Frozen shoulder (Adhesive Capsulitis) is a condition that develops slowly and can easily be confused for other shoulder conditions in the early stage. It is characterised by a stiff shoulder and can be significantly painful and hard to find positions of comfort particularly when trying to sleep.  Most commonly the earliest stiffening of the shoulder will be with rotational movements such as placing your hand behind your back or behind your head. 

Frozen shoulder occurs through three phases:
1. Freezing as you lose range of motion and is usually the most painful
2. Frozen as your shoulder is quite stiff but usually less painful
3. Thawing as you begin to increase your range of motion.

The condition can last anywhere from 6 months to 3 years from initial onset to complete resolution and those with thyroid conditions or diabetes are thought to be more likely to develop this condition and have a prolonged recovery period. Frozen shoulder is up to three times more common in women and predominantly affects the 40-60 age group.  

The reasons why this condition occurs are not clear although it does appear more likely to occur if your shoulder has been immobilised due to other injuries or surgery. The reason the shoulder begins the stiffen up is a disease process around the shoulder joint (which may be inflammatory) causes the connective tissue to begin developing extra tissue beyond normal levels causing it to thicken and adhere around the joint reducing movement.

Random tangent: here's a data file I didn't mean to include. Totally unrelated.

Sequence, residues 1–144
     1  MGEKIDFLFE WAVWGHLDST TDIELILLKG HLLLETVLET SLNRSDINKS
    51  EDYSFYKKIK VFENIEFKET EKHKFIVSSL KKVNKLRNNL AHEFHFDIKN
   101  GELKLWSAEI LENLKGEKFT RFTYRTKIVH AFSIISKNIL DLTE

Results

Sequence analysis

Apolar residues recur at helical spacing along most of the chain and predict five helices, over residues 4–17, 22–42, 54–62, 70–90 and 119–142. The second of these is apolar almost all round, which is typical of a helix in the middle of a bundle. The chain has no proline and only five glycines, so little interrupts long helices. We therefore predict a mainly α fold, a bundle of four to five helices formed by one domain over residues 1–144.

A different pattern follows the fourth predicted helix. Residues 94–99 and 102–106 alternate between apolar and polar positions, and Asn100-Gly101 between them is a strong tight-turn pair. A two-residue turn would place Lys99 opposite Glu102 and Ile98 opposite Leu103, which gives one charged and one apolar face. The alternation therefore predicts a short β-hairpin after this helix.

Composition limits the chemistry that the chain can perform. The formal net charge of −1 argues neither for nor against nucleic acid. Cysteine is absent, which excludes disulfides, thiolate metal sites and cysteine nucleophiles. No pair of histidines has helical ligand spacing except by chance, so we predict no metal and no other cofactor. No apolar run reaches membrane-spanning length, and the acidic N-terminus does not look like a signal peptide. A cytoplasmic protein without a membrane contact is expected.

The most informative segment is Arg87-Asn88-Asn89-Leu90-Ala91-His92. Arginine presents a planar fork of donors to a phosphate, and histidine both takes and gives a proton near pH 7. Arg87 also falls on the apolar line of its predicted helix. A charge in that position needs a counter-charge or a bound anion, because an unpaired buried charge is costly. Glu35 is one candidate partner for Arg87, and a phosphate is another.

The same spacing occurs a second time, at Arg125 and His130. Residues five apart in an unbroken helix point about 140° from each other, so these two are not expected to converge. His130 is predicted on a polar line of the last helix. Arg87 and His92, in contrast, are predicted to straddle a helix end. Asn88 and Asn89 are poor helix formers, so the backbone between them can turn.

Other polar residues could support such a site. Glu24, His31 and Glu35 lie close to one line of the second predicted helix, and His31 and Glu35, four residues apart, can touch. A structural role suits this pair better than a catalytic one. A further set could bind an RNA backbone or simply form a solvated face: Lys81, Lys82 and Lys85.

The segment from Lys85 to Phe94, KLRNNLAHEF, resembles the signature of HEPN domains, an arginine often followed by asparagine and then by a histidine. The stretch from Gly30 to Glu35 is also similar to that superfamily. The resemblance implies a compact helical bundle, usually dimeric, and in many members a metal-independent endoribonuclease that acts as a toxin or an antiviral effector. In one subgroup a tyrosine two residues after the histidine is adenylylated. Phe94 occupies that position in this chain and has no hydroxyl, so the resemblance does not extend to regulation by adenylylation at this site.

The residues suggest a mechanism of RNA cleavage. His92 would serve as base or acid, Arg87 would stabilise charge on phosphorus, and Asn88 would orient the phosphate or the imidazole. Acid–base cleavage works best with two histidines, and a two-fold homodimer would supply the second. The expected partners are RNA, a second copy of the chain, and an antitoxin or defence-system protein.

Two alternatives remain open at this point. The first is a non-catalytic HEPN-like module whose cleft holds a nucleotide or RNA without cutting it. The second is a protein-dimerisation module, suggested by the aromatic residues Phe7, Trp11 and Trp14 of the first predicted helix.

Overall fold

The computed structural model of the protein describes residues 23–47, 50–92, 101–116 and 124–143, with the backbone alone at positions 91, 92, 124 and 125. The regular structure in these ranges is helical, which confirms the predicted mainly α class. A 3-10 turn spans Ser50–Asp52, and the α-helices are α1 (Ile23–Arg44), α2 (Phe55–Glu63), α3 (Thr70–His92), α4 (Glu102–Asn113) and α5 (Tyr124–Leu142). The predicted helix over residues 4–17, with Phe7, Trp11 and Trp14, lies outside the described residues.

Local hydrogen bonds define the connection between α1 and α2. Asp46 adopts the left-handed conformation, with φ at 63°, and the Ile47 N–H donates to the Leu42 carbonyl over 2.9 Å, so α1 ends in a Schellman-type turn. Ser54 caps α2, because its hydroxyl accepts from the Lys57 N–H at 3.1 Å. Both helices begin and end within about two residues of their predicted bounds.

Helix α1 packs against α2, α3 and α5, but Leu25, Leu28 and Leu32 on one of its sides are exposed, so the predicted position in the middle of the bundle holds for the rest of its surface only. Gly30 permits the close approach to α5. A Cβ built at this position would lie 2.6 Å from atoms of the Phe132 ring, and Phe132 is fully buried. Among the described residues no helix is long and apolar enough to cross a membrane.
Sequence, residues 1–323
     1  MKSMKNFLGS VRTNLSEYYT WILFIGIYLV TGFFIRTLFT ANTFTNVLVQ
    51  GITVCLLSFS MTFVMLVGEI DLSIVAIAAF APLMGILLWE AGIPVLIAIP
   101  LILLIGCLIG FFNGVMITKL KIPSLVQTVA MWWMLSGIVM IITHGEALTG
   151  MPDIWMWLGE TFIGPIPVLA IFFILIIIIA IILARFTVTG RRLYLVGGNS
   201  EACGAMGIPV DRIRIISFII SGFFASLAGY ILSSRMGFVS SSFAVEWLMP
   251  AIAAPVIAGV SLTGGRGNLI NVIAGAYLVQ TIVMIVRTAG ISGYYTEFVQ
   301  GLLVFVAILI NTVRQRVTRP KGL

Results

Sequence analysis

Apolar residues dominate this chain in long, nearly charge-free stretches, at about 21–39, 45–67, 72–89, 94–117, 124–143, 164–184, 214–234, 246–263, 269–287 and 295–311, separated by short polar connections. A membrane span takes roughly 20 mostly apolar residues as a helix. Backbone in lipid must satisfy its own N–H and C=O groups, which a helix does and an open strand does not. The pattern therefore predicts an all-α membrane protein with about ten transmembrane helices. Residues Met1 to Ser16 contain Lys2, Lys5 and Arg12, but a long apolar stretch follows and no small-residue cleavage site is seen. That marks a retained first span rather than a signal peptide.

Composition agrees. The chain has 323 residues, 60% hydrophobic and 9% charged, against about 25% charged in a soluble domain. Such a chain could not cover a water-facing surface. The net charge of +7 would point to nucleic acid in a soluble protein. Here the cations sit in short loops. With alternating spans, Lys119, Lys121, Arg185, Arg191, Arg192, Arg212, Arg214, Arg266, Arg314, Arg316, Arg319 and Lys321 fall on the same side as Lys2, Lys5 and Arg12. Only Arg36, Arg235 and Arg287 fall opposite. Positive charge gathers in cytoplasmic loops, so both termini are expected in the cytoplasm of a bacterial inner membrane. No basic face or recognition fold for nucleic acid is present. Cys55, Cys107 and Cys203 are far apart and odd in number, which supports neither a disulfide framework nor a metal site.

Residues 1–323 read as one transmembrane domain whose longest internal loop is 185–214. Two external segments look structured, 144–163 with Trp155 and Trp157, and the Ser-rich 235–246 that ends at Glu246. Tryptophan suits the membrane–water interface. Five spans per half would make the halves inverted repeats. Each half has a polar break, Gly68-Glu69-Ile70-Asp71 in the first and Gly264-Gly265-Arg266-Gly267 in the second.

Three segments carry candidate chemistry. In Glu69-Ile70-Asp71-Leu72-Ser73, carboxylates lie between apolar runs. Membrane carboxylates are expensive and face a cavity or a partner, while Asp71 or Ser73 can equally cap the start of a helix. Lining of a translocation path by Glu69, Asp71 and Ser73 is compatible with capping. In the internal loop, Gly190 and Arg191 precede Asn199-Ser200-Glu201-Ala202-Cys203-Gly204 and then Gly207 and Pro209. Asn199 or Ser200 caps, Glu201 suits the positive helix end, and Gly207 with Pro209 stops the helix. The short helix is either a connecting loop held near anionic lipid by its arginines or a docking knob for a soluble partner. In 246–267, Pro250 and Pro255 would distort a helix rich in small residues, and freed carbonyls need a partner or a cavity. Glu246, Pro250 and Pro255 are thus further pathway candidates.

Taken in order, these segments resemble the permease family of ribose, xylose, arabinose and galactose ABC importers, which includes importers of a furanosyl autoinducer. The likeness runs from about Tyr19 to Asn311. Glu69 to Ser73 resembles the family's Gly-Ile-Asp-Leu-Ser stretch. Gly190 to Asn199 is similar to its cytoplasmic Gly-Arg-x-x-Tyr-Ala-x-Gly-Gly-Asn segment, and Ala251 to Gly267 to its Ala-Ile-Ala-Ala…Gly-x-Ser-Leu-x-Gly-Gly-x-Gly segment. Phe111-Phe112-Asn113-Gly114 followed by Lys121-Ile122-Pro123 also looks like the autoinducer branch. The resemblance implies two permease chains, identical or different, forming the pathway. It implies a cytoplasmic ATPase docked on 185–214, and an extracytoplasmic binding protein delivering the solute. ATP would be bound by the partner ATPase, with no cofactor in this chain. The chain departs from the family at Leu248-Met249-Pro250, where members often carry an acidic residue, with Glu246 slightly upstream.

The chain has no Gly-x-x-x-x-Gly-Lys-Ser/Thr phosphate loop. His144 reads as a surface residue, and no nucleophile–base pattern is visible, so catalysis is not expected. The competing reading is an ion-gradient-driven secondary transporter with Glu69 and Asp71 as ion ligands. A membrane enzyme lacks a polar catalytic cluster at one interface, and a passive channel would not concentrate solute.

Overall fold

Early recognition can be a significant factor in reducing the time course of this condition and your GP and physiotherapist will be key in assistance through managing this condition. Your GP might prescribe some oral anti inflammatory medications and potentially an injection into the shoulder (glenohumeral joint) with cortisone and your physiotherapist can assist you with exercises to maintain as much strength and range of motion as possible throughout the process. 

If you have symptoms of shoulder pain or stiffness that don’t seem to resolve or ease, consult with your healthcare practitioner to determine the cause of your pain and the appropriate next steps.